The International Space Station orbits the Earth many times per day. And if you want to view it and pretend it's Santa's sleigh nipping around delivering presents, you should be able to watch it this Christmas Eve.

It's a great thing to do with your kids, and interested family members. And we'll explain how to track the ISS so you don't miss it - it's only visible for a few minutes at a time.

Last year, the ISS was only visible during the morning of Christmas Eve (24 December) around 7.30am. The times haven't yet been published for 2019, but we'll update this article when have the information from NASA.

During the day, it's much harder to spot the ISS, but at night it's the third brightest object in the sky, and looks like a plane, although flying much higher and faster.

It's wise not to promise your kids too much just in case you don't quite catch a glimpse of it - and you won't if it's cloudy - but we recommend using the apps below to find a time when it will be dark and overhead to show them the Space Station and explain what it really is, because the ISS is super cool too. (Find out more about the Space Station by reading on).

To get the ultimate experience, you'll want to use an ISS tracker, which is an app you install on your phone. We've found the following apps to be the most accurate and useful.


The GoISSWatch app for iOS is the best app to track the International Space Station with on iPhone. It's intuitive and easy to use, and utilises the compass in your iPhone to help you know exactly which way to face to spot the ISS passing over head.

Plus, GoISSWatch can notify you five minutes ahead of each passing so that you don't miss it.

It isn't available for Android.

ISS Finder

An alternative app - for iOS again - that works almost as well is the ISS Finder app, although its bright white design isn't as ideal in the dark conditions you'll be using it in – light pollution isn't your friend when you're trying to spot things in space! Thankfully, there's a Night Mode that you can enable but we still find that a bit tricky to see as it puts a sort of dim red tinge over the screen.

We prefer the GoISSWatch app's 3D illustration that helps you determine where to look in the sky – ISS Finder's is less obvious so it'll take you a little longer to spot it.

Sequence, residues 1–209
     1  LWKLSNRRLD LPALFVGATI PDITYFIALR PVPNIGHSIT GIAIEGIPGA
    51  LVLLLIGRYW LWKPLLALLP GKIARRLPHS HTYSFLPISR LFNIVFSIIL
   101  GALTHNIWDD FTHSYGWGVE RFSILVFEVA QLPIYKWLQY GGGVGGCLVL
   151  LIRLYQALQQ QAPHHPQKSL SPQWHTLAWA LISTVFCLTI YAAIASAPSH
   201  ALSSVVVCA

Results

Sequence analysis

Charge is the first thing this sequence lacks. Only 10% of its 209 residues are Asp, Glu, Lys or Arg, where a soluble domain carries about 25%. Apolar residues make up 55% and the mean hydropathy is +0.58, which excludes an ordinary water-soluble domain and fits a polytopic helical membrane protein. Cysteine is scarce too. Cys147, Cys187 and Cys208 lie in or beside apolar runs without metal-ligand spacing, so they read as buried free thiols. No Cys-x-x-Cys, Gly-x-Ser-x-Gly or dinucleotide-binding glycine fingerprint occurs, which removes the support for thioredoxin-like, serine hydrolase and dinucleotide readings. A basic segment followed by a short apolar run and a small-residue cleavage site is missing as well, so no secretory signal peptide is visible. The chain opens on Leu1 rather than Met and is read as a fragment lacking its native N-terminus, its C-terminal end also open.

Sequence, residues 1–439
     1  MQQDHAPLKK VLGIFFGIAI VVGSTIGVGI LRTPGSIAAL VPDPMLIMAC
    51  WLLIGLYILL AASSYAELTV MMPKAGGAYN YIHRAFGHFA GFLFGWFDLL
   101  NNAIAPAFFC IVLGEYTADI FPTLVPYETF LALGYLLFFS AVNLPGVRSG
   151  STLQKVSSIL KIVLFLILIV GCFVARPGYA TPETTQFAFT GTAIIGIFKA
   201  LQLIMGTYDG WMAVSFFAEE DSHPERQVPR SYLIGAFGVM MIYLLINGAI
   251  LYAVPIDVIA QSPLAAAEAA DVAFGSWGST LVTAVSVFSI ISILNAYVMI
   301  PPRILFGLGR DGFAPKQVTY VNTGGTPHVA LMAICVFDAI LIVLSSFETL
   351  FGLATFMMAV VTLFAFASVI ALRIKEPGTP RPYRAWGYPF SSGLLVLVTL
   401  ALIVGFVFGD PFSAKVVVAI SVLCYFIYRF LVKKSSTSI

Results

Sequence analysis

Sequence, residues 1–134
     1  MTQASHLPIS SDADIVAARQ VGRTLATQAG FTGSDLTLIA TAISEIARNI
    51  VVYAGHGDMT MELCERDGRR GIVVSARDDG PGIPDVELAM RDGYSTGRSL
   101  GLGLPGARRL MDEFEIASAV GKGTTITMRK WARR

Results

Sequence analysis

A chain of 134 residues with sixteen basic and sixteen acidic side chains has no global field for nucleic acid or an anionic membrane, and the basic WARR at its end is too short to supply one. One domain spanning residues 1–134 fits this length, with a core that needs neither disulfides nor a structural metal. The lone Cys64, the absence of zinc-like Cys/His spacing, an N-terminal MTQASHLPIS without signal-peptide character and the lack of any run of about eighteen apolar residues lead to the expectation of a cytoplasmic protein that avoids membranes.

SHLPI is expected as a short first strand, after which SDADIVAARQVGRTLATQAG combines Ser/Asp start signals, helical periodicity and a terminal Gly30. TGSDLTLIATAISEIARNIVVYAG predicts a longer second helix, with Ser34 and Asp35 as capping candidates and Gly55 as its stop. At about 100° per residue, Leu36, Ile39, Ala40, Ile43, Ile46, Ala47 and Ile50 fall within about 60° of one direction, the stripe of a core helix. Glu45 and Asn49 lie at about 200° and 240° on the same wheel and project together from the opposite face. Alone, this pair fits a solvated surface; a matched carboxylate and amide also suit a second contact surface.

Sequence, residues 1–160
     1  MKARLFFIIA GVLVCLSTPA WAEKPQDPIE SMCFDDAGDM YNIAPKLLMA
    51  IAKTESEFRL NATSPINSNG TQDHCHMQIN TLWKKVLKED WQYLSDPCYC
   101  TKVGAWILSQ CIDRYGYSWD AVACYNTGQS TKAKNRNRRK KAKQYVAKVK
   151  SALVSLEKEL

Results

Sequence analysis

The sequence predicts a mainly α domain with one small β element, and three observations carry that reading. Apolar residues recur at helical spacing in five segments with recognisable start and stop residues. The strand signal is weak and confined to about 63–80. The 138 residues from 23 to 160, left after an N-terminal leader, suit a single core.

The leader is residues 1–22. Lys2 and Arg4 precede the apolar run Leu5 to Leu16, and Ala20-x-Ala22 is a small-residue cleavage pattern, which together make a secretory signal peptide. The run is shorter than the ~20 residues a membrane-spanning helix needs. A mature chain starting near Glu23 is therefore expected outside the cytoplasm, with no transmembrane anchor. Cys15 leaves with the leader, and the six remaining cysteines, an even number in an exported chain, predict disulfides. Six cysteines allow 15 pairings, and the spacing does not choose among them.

What's good about ISS Finder, though, is that it offers star ratings to help you determine which date and time offers the best visibility of the ISS, at least when it comes to its position in the sky (there's no built-in weather forecast). There's also information about the Crew onboard the ISS, which we found very interesting to read.

ISS Detector Satellite Tracker

Both of the apps above are iOS-only, but we've also found a good Android ISS tracker called ISS Detector Satellite Tracker. It shows you a countdown to the next ISS pass, which we found to be quite useful, and has a 3D tracking diagram that's similar to the one used by GoISSWatch, with an elevation gauge that works really well. You'll also find that it offers weather forecasts so you'll know whether it's likely to be visible or not.

You can quickly and easily turn on notifications to help make sure that you don't miss the ISS, too. It does have ads, though, which can be irritating but do mean that you get the app for free (as with the other apps listed here).

Email alerts

If you'd prefer not to use a smartphone to track the ISS, NASA has a dedicated website that lets you sign up for email alerts or text messages when the ISS is going to fly overhead, and also offers some advice about how to spot it in the sky.

NASA notes that the Space Station is the third brightest object in the sky, and it initially looks like a fast-moving plane, until you notice that it doesn't have any flashing lights. Alternatively, it can be initially mistaken for a very bright star until you spot how fast it's moving.

The ISS actually passes over the UK every day. In fact, it orbits the Earth 16 times every day, but some of those passes are during daylight and others can be tricky to see depending on the ISS's orbit pattern. If you miss the ISS on Christmas Eve, you can use the same tracking apps to watch it another day.